On the eve of International Women’s Day, I had the honor of attending and speaking at the Interfaith Peace Symposium, an event to unite women of diverse faiths and backgrounds on the theme of ” Women as Architects of Peace.” It was graciously hosted by the women of the Ahmadiyya Muslim Community (AMC) (GA Chapter) organized under the banner of the Ahmadiyya Muslim Women’s Auxiliary (AMWA) (GA Chapter).
AMC believes in building bridges of understanding and promoting peace and tolerance through discourse, interfaith dialogue and service to community. It’s members consider loyalty to the country as part of faith and strive to live by its community motto: “Love for All, Hatred for None.”
Some people asked me for a copy of what I spoke about so I thought I’d share it here. Read More
Sermon at Emerson Unitarian Universalist Congregation, October 20, 2019
In the spiral of the Work That Reconnects, as well as in many indigenous and faith traditions, we begin with gratitude. Thank you for inviting me here today to talk about Sacred Activism and asking me to facilitate a workshop here later this afternoon. I am honored to be here and grateful to have the opportunity to share this message.
I know that in these challenging times, it may feel especially difficult or maybe even insincere to start each day with gratitude, but even simply paying attention to our breath, and being grateful that we are participating in that sacred exchange with the earth is a grounding and stabilizing practice.
From there, gratitude begins to well up from the little things; birdsongs in the morning, a hot cup of coffee, a laughter-filled conversation with a friend.
The more I make a habit of focusing on what I was grateful for, the easier it was for me to choose where to put my energy. I direct my efforts more towards what I love, rather than saying yes to things out of a sense of obligation. This is the central question of Sacred Activism – “How can I put my love into action?”
Sacred Activism is when our desire to create positive change and subsequent actions are fueled by a force greater than ourselves.
Other ways to think about it are: When Spirit Meets Action, Gandhi and Martin Luther King, Jr called it Soul Force, or it’s asking, “How am I being called to serve?”Read More
The concept of Pillars of Support was developed by civil resistance trainers who realized that the military, schools, civil service and courts, business community, churches, and media, are some of the main pillars that give structural stability to the status quo. If enough of these institutions pull their support, the system will collapse, and the movements will succeed.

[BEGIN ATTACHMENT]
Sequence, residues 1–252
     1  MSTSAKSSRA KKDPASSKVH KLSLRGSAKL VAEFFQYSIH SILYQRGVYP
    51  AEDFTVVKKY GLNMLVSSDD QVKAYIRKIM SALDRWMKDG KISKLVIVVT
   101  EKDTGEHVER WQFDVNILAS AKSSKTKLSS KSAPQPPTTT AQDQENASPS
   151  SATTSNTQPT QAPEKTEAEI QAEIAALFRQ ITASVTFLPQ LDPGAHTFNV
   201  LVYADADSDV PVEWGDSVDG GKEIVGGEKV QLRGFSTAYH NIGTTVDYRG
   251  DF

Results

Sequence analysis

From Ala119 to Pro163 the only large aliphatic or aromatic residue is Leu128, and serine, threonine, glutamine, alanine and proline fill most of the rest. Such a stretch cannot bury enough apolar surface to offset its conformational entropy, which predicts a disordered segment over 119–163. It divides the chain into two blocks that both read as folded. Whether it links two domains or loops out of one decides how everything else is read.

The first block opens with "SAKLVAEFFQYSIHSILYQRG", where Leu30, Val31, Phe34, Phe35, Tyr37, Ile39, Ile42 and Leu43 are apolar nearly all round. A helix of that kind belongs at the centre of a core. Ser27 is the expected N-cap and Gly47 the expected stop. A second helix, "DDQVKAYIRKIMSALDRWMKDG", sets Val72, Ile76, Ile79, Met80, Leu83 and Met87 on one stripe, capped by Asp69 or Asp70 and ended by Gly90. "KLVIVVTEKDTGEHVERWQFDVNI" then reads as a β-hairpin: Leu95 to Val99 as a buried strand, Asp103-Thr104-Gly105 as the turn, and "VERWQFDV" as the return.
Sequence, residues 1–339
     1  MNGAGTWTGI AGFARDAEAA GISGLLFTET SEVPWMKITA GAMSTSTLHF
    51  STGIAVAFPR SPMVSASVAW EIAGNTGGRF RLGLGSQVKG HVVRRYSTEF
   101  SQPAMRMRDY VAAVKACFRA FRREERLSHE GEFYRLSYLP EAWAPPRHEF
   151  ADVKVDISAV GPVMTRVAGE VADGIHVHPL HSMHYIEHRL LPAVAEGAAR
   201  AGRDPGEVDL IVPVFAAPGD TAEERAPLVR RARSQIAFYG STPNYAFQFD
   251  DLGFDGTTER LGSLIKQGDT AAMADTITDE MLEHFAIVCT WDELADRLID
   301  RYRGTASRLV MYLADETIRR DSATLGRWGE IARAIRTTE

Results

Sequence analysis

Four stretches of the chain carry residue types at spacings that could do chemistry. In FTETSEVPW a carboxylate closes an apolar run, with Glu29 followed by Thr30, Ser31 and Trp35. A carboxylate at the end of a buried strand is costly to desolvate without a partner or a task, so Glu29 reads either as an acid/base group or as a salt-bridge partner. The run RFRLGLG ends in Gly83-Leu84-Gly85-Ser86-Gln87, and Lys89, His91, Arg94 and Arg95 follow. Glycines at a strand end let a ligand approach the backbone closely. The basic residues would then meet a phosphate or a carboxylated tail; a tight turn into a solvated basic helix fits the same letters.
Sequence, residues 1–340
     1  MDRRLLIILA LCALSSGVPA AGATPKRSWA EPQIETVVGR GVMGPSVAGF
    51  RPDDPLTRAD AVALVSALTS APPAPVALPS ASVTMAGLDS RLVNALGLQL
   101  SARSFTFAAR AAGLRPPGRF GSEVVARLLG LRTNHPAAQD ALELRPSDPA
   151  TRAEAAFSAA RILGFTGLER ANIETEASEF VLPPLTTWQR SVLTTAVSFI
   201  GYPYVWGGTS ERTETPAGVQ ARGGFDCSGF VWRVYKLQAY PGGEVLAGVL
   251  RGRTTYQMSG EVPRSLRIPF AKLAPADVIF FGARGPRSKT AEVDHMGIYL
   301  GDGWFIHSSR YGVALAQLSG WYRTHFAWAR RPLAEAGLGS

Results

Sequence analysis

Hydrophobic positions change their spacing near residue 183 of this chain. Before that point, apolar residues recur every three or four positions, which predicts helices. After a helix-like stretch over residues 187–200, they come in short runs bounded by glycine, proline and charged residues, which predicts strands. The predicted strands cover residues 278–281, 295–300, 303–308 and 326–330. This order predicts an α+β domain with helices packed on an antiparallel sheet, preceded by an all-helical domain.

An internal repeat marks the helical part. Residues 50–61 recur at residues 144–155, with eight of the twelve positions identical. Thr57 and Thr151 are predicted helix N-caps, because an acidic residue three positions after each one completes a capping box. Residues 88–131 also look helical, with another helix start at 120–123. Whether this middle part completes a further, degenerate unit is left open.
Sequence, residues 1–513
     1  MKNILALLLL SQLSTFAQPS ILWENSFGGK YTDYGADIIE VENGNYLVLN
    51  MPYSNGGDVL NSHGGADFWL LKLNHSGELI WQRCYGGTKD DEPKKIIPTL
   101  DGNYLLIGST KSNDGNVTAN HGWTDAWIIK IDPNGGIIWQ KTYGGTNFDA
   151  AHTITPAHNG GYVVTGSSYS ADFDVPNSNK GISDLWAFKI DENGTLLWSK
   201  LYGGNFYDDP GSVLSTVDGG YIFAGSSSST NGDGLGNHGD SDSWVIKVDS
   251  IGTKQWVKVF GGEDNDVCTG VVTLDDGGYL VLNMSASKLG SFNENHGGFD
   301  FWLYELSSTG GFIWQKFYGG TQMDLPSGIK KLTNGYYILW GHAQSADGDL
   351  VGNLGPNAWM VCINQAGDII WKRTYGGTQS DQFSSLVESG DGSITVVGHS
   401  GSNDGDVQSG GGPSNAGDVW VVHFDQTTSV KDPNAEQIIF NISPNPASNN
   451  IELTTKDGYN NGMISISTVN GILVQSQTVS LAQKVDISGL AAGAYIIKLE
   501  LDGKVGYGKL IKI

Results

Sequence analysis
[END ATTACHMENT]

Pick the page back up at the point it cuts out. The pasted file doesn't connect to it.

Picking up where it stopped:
Mark Engler, author of This Is an Uprising: How Nonviolent Revolt Is Shaping the Twenty-First Century, writes:
In a democratic society, the result of the pillars falling might not be a change of regime, and yet the results can be just as profound: the removal of social supports for the status quo can mean the end of a system such as Jim Crow segregation, for example.
The pillars allow for better strategic thinking on the part of those trying to force change. Activists can more clearly predict what it will take for a regime to fall. They can scheme about how they might undermine one or more of the various sources of social support for the system—removing the backing of the clergy, for example, or prodding the press to adopt a more critical posture—and thus place the rulers on an ever-wobblier foundation.
I partner with Georgia Interfaith Power and Light to lead Sacred Activism workshops, because I love to help people experience our interconnectedness, and tap into their inherent gifts so that they can be joyous stewards of creation. I also believe in GIPL’s mission of engaging communities of faith in creation care, because history has shown the power and efficacy of religious institutions when they challenge the status quo.
If we advocate for a world where people and the planet are factored into policies at least as much as profits, we will co-create a sustainable, peaceful, and equitable future where all beings can thrive.